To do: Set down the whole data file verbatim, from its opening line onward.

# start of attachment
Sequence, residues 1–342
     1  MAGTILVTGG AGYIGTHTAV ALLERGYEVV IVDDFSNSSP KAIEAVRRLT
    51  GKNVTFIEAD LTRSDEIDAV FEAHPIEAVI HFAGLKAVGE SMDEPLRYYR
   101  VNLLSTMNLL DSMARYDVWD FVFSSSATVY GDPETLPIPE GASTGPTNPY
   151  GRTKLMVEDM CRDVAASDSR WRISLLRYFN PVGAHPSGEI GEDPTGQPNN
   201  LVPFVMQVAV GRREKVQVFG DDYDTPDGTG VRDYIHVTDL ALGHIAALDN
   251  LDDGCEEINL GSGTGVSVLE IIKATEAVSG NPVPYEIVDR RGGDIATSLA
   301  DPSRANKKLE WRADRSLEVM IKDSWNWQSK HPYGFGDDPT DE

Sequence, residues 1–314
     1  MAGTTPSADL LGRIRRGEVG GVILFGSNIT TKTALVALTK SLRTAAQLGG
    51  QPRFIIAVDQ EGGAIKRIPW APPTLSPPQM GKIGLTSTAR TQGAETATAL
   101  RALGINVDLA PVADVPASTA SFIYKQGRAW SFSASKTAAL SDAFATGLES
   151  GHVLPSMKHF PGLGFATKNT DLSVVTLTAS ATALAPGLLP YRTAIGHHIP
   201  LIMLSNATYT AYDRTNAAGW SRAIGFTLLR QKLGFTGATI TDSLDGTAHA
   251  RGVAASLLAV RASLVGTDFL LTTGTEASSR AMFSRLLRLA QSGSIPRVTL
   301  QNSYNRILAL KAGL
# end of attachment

Sequence, residues 1–342
     1  MAGTILVTGG AGYIGTHTAV ALLERGYEVV IVDDFSNSSP KAIEAVRRLT
    51  GKNVTFIEAD LTRSDEIDAV FEAHPIEAVI HFAGLKAVGE SMDEPLRYYR
   101  VNLLSTMNLL DSMARYDVWD FVFSSSATVY GDPETLPIPE GASTGPTNPY
   151  GRTKLMVEDM CRDVAASDSR WRISLLRYFN PVGAHPSGEI GEDPTGQPNN
   201  LVPFVMQVAV GRREKVQVFG DDYDTPDGTG VRDYIHVTDL ALGHIAALDN
   251  LDDGCEEINL GSGTGVSVLE IIKATEAVSG NPVPYEIVDR RGGDIATSLA
   301  DPSRANKKLE WRADRSLEVM IKDSWNWQSK HPYGFGDDPT DE

Sequence, residues 1–314
     1  MAGTTPSADL LGRIRRGEVG GVILFGSNIT TKTALVALTK SLRTAAQLGG
    51  QPRFIIAVDQ EGGAIKRIPW APPTLSPPQM GKIGLTSTAR TQGAETATAL
   101  RALGINVDLA PVADVPASTA SFIYKQGRAW SFSASKTAAL SDAFATGLES
   151  GHVLPSMKHF PGLGFATKNT DLSVVTLTAS ATALAPGLLP YRTAIGHHIP
   201  LIMLSNATYT AYDRTNAAGW SRAIGFTLLR QKLGFTGATI TDSLDGTAHA
   251  RGVAASLLAV RASLVGTDFL LTTGTEASSR AMFSRLLRLA QSGSIPRVTL
   301  QNSYNRILAL KAGL